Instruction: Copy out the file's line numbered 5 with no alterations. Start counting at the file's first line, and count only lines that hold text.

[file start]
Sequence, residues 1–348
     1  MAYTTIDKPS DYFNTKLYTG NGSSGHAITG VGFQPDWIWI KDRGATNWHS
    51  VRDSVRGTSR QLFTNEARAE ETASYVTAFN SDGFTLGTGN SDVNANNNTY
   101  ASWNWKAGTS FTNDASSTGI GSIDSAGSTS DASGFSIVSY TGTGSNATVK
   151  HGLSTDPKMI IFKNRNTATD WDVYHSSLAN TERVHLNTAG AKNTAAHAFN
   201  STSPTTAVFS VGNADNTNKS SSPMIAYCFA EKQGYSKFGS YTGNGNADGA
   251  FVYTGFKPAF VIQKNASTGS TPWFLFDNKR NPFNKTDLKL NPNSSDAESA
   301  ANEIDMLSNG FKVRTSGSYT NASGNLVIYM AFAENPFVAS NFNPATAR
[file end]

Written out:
   151  HGLSTDPKMI IFKNRNTATD WDVYHSSLAN TERVHLNTAG AKNTAAHAFN